It was a Friday night fish fry. Most of us weren't Catholic or even Christian. But it was free food and free is good when you're poor.

Mr. G, the old man from the coffee shop, had invited us. Mr. G, because he said his name was too long to keep track of. Mr. G suited him just fine, he said, thank you. He came in every afternoon around three. He was there because he was lonely, maybe, or just because it was something to do. We were there because there was nothing better to do, because it was our one chance at being at least somewhat social for the day.

There were four of us. Ben and Chad and Cally and me. The staff called us their coffee shop kids. We were fine with that. We were Mr. G's favorites. Because we talked to him. Because we read books that he considered important. Because we weren't too caught up in being cynical or finding our next hit or failing. Because we all smiled. Because we played the role of being fine young people who just needed a little guidance in life convincingly, and he bought our every word for dollars.

It was Chad who asked Mr. G where he went on Friday nights, which is the question that provoked our being invited. Oh Chad knew what the old man was doing, but it was conversation.

At first we were hesitant to accept. But Mr. G tricked us by telling Chad and Ben about the pretty girls they could meet and telling Cally and I about the two nice young men who helped in the kitchen. We were giddy; false excitement. But it meant a lot to the old man so we went.

The line wound down the stairs of a community center owned by the old Catholic cathedral on 9th Avenue. St. James. The boys lived on the campus of the university so we met there and walked over. It was a cool evening, jacket collars around throats, hands stuffed deep in pockets.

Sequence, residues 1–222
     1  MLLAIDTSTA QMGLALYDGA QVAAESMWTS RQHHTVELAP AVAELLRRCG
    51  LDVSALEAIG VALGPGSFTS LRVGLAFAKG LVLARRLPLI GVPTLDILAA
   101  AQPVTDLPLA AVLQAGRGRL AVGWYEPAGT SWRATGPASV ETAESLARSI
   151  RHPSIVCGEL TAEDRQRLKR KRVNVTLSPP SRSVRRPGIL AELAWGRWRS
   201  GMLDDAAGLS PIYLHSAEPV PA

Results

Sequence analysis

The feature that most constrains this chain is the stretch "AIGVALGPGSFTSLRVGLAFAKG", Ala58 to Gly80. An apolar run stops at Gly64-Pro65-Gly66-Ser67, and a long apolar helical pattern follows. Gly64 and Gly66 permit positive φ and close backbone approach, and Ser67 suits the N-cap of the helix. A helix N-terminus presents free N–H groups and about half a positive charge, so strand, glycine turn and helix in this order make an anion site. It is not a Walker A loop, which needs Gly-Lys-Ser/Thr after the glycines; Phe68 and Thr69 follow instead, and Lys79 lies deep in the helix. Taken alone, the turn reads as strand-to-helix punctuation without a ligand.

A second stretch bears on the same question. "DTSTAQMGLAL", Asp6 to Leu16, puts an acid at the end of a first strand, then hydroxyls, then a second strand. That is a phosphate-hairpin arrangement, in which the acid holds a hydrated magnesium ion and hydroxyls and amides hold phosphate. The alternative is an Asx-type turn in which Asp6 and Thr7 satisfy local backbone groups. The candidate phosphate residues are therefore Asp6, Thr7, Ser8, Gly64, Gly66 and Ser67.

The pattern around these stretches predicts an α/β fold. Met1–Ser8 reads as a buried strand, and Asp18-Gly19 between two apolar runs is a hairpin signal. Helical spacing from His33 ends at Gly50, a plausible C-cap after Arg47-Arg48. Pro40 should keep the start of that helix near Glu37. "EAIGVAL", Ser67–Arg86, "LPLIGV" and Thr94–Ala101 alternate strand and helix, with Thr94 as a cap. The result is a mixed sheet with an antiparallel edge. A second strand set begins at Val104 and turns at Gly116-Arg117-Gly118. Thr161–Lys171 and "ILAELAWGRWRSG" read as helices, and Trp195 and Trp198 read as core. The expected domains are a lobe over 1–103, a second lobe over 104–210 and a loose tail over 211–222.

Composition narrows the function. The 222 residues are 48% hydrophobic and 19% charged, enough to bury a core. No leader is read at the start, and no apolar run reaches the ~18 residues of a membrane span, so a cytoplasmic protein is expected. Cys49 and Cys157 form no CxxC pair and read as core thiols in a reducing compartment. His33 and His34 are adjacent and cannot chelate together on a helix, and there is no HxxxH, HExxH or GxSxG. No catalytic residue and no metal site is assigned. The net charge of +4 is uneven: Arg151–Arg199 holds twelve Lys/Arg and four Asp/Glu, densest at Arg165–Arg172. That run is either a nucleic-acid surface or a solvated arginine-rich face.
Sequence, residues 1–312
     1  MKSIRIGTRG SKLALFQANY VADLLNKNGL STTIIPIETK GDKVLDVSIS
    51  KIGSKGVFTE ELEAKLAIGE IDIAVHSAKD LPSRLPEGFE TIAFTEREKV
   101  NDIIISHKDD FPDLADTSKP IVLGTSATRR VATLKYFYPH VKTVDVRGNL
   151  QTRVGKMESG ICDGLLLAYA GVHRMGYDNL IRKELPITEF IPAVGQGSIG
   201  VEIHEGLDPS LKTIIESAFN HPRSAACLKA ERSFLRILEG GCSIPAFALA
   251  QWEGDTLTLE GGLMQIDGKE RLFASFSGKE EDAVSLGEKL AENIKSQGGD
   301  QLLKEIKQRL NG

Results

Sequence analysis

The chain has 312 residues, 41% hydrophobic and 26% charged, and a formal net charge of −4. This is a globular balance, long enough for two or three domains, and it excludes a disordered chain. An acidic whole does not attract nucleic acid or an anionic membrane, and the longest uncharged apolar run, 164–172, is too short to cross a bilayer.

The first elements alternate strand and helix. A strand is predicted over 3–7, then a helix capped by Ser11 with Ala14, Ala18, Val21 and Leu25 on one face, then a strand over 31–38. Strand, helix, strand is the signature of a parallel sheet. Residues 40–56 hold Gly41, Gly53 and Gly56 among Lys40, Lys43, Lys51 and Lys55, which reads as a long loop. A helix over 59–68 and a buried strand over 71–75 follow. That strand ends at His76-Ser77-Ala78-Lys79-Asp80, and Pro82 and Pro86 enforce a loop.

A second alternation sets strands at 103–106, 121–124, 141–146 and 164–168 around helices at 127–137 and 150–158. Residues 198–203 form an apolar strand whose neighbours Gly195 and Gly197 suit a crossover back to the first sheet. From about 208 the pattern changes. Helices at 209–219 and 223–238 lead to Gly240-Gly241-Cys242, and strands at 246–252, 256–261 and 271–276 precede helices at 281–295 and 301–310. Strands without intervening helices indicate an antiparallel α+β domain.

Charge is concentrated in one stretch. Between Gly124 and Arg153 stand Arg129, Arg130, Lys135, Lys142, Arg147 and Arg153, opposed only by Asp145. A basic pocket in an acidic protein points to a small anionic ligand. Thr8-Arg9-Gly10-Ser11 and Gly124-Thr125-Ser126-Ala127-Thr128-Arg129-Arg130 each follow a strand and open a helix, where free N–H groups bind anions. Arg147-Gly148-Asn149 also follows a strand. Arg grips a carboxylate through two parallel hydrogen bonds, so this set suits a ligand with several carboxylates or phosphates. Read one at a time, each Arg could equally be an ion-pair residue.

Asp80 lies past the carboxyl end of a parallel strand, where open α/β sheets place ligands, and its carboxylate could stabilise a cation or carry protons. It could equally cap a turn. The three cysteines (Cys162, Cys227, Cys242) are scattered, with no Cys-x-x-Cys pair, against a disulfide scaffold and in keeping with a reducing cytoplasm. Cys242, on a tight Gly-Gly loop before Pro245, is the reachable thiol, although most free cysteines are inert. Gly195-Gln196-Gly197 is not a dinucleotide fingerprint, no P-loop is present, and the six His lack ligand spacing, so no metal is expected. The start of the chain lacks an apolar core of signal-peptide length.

The boys found out soon enough that Mr. G was wrong about the girls. But Cally and I found the boys he was talking about.

The moment that I saw him standing behind the kitchen counter in white apron and hair net, I knew it. That this is the guy that I fall into and get trapped in. He winked twice, I gave him my full attention. He stopped at my table and took my number. He called before I even got home. Lets go out to dinner and a movie, left all shy and nervous on an answering machine early on a Friday evening. Ryan.

I was scared to death from the start. I wanted to not call back. I wanted to run again. I wanted to stop right there and shout, no.

No because I didn't know what I was doing. Because I am always afraid of the starts of things. Because this is my life and who does he think he is to just march in and try to claim my heart.

But I didn't. I said yes.

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